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Report: Mobile and Windows 8 Platforms Will be Targets in 2013



February 1, 2013 By

Sophisticated mobile threats, Windows 8 infiltration and large-scale attacks on human population centers are among McAfee Labs’ cyber threat predictions for 2013. In Jan., researchers at the company released their 2013 Threats Predictions report, citing the rise of adaptable and frequent cyberattacks that target global critical infrastructure systems. 

This stark forecast came the same month that the Pentagon began planning to expand its cybersecurity forces to more than five times their current size. Recent events and increasingly scary predictions paint a grim picture of the future of cyberwarfare. 

“We do see that there’s a shifting trend here concerning large-scale attacks, more in the aspect of disrupting operations,” said researcher Ryan Sherstobitoff, referencing the Shamoon virus attack that shut down 30,000 computers simultaneously in Saudi Arabia in 2012. According to Reuters, Shamoon replaced system files with garbage data, including images of burning American flags, rendering the computers useless.

Sherstobitoff told Government Technology that the world will experience more of these attacks where the purpose is to harm machines on a massive scale, not steal information.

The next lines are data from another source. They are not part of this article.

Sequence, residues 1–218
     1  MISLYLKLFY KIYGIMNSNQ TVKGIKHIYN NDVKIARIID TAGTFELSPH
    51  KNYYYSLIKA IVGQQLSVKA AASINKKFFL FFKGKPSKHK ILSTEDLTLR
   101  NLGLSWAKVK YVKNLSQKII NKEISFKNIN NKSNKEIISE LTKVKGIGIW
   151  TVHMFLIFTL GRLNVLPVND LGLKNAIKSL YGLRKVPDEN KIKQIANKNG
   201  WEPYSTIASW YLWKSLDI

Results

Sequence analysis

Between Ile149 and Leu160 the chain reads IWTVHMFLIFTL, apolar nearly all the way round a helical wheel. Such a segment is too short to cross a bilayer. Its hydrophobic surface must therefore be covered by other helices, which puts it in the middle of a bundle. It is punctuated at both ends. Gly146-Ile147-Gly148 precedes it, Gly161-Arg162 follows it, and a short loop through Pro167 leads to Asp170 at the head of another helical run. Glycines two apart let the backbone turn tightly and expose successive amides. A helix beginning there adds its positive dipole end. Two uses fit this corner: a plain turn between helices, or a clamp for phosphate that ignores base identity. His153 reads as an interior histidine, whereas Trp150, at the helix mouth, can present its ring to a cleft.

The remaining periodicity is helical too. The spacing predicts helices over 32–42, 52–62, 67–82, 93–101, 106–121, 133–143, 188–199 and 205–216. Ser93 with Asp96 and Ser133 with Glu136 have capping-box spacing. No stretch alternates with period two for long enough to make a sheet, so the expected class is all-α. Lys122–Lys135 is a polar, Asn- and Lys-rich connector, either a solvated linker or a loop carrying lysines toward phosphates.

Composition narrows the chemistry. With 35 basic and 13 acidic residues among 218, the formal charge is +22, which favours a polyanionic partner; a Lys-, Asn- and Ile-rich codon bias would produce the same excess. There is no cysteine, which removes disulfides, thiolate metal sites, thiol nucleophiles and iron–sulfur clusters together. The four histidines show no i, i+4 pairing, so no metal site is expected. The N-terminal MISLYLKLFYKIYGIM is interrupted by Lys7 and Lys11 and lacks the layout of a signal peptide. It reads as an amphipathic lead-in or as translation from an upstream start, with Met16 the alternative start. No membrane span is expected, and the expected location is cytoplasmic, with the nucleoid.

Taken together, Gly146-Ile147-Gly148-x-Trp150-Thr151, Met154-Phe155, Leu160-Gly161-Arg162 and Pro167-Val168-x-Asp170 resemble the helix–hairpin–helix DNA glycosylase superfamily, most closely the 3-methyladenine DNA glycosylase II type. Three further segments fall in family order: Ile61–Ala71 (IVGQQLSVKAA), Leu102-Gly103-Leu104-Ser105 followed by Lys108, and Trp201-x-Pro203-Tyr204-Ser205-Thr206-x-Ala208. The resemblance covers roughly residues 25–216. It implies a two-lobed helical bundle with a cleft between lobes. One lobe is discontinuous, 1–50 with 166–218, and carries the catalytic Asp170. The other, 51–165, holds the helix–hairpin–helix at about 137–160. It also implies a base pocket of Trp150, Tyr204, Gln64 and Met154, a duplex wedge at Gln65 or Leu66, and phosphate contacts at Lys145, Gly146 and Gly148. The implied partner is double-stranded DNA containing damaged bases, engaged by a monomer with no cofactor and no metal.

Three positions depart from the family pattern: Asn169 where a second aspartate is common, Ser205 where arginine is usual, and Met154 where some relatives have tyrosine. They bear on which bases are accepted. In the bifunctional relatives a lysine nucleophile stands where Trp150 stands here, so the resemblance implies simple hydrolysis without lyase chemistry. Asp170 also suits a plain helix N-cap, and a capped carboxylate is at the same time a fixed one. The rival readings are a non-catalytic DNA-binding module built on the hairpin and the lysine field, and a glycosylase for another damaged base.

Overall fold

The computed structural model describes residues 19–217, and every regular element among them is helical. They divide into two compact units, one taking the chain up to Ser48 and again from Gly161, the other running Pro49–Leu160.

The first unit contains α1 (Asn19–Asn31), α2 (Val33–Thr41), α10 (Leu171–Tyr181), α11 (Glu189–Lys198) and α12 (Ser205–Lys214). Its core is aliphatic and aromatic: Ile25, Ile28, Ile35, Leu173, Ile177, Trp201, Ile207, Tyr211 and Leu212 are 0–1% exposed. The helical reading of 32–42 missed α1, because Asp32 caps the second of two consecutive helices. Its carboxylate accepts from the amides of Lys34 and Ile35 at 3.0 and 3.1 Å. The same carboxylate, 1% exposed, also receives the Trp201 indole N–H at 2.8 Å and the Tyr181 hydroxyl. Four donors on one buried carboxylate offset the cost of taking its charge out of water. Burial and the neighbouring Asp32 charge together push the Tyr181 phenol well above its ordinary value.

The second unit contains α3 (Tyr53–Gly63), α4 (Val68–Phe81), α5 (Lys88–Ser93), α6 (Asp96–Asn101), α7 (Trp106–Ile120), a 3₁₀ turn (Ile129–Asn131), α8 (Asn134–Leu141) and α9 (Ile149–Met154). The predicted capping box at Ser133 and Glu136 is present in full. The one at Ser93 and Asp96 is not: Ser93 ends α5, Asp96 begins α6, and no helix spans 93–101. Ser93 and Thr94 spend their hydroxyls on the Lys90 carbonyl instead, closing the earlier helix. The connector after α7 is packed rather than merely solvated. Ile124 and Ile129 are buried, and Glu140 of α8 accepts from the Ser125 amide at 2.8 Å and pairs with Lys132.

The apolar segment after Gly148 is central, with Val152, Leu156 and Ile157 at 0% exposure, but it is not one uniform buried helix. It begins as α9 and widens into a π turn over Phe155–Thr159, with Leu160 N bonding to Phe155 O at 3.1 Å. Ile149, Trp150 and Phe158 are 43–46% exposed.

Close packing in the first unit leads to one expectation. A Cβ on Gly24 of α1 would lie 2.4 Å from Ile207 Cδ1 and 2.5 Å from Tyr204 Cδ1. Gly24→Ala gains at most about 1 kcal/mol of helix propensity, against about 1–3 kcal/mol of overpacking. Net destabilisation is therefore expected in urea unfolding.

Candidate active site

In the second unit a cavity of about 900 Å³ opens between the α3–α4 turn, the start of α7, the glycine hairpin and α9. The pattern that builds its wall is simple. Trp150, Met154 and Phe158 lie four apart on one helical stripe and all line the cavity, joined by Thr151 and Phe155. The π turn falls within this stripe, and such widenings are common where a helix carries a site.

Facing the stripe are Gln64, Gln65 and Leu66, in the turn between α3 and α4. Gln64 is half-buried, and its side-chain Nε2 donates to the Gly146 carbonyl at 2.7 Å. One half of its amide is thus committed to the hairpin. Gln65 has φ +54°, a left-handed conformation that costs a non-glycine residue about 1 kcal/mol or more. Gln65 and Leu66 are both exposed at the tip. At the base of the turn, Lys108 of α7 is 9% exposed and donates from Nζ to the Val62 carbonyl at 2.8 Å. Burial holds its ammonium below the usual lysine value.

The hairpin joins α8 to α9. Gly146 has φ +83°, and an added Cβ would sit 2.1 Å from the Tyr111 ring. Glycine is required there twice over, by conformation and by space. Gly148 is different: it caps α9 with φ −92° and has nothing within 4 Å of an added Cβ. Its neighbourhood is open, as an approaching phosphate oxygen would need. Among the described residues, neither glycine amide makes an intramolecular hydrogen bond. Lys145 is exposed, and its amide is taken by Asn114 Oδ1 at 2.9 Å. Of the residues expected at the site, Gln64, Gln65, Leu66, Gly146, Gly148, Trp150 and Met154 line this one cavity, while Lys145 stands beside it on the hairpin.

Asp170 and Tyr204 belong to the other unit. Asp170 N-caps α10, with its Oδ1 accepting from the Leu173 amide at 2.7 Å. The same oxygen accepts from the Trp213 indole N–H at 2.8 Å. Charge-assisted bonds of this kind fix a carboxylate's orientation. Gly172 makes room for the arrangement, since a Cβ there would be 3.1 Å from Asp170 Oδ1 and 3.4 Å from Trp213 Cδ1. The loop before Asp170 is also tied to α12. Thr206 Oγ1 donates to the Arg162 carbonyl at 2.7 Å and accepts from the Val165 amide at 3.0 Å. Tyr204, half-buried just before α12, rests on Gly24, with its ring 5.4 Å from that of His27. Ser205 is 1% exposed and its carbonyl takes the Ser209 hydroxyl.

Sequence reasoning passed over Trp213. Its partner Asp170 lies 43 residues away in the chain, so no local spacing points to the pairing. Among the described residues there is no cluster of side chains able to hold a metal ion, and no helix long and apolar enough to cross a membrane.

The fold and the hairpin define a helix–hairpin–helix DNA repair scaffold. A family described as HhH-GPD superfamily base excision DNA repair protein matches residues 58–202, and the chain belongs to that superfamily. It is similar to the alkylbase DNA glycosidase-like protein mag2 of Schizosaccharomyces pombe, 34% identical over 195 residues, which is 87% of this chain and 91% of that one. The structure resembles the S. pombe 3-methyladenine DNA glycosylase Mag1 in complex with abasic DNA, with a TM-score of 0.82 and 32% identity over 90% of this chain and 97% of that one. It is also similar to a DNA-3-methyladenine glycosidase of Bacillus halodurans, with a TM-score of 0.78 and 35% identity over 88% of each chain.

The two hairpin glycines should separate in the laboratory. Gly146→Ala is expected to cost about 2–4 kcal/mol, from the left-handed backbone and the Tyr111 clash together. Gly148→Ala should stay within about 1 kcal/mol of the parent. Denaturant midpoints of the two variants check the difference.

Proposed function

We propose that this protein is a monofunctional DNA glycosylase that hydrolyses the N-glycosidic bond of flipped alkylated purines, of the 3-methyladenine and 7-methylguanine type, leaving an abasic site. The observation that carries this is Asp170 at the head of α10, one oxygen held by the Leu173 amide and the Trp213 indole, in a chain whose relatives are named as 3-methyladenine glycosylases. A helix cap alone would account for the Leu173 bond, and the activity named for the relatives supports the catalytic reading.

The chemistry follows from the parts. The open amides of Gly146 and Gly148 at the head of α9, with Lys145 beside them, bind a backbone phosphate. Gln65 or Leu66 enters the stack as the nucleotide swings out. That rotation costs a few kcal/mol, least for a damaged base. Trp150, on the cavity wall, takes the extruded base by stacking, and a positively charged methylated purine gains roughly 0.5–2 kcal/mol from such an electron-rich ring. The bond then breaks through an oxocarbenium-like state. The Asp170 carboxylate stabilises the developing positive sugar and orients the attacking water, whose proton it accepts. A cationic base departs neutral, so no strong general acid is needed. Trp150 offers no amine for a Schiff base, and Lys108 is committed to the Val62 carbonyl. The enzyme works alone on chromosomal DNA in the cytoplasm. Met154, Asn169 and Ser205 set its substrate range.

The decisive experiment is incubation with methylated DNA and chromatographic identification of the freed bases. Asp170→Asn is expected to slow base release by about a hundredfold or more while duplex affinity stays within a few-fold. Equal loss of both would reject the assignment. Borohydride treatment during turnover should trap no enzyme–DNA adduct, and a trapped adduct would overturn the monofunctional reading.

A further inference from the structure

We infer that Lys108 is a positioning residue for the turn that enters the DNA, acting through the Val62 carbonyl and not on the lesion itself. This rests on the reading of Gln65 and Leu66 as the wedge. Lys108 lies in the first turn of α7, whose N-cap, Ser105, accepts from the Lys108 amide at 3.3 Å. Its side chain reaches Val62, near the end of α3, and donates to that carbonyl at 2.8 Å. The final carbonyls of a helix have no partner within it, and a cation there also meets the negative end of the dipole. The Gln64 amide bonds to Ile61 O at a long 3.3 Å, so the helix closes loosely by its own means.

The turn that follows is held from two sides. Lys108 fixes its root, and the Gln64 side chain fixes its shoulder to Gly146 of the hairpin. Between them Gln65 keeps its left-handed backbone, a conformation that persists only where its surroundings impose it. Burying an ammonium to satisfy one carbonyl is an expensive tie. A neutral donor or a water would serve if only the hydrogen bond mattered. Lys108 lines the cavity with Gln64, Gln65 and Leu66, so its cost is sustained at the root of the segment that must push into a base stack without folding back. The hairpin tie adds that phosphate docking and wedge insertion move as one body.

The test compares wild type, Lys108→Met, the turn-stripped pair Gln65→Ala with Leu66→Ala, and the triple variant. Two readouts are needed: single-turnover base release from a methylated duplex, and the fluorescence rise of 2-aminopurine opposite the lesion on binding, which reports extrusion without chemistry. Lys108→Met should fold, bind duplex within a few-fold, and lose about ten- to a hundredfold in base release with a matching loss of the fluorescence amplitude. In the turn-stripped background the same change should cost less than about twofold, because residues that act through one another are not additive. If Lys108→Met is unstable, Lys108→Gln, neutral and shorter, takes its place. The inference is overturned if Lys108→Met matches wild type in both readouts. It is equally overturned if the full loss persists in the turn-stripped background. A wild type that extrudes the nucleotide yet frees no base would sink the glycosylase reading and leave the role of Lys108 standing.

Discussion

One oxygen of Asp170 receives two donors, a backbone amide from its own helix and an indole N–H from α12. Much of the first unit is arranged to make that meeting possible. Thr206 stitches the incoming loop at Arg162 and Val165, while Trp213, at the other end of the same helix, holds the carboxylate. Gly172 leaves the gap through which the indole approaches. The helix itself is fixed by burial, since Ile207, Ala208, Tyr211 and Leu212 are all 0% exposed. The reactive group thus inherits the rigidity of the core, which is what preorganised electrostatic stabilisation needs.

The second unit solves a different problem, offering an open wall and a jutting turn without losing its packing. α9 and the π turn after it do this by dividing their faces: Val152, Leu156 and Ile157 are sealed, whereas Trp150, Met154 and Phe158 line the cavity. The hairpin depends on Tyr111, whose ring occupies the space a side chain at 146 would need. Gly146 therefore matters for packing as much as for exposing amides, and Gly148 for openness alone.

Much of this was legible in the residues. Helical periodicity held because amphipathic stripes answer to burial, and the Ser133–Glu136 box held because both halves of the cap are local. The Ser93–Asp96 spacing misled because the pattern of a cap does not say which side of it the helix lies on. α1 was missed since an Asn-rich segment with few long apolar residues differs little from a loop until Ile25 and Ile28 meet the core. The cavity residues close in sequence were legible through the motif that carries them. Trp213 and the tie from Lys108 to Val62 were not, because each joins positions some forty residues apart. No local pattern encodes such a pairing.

But data theft will still occur in the public sector, despite criminals’ thirst for chaos and destruction. “People who are interested in government targets are not interested in stealing money from bank accounts; they’re interested in stealing intellectual property,” Sherstobitoff explained.


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Comments

Deb    |    Commented February 5, 2013

This would be because Windows 8 is pathetic. It is designed for touch screens, even though the majority of business computers are NOT touch screens. It is difficult to navigate, and it is buggy. And it is based on turning everything into "apps" that don't work right as apps, and have all the downsides of apps. An app on a phone is fine. An app on your work computer is frustrating, limiting, and rife with potential problems. (See the Google Chrome Windows 8 version.) So, the vast amount of potential holes in this system makes it ripe for attack.


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